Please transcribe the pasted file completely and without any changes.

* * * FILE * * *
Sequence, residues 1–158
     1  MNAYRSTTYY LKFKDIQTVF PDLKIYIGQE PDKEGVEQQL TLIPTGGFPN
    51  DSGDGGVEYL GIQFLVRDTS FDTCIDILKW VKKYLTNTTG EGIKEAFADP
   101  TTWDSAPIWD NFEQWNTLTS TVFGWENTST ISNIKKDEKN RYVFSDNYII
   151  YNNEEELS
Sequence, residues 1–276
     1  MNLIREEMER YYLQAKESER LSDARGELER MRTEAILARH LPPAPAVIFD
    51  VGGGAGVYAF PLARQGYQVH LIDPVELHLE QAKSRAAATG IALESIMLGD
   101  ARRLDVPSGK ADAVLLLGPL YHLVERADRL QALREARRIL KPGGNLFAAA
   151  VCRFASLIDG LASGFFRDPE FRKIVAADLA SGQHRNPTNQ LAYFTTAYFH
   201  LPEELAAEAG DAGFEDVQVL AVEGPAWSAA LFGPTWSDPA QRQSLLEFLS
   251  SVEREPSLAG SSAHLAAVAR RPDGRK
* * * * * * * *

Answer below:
Sequence, residues 1–158
     1  MNAYRSTTYY LKFKDIQTVF PDLKIYIGQE PDKEGVEQQL TLIPTGGFPN
    51  DSGDGGVEYL GIQFLVRDTS FDTCIDILKW VKKYLTNTTG EGIKEAFADP
   101  TTWDSAPIWD NFEQWNTLTS TVFGWENTST ISNIKKDEKN RYVFSDNYII
   151  YNNEEELS
Sequence, residues 1–276
     1  MNLIREEMER YYLQAKESER LSDARGELER MRTEAILARH LPPAPAVIFD
    51  VGGGAGVYAF PLARQGYQVH LIDPVELHLE QAKSRAAATG IALESIMLGD
   101  ARRLDVPSGK ADAVLLLGPL YHLVERADRL QALREARRIL KPGGNLFAAA
   151  VCRFASLIDG LASGFFRDPE FRKIVAADLA SGQHRNPTNQ LAYFTTAYFH
   201  LPEELAAEAG DAGFEDVQVL AVEGPAWSAA LFGPTWSDPA QRQSLLEFLS
   251  SVEREPSLAG SSAHLAAVAR RPDGRK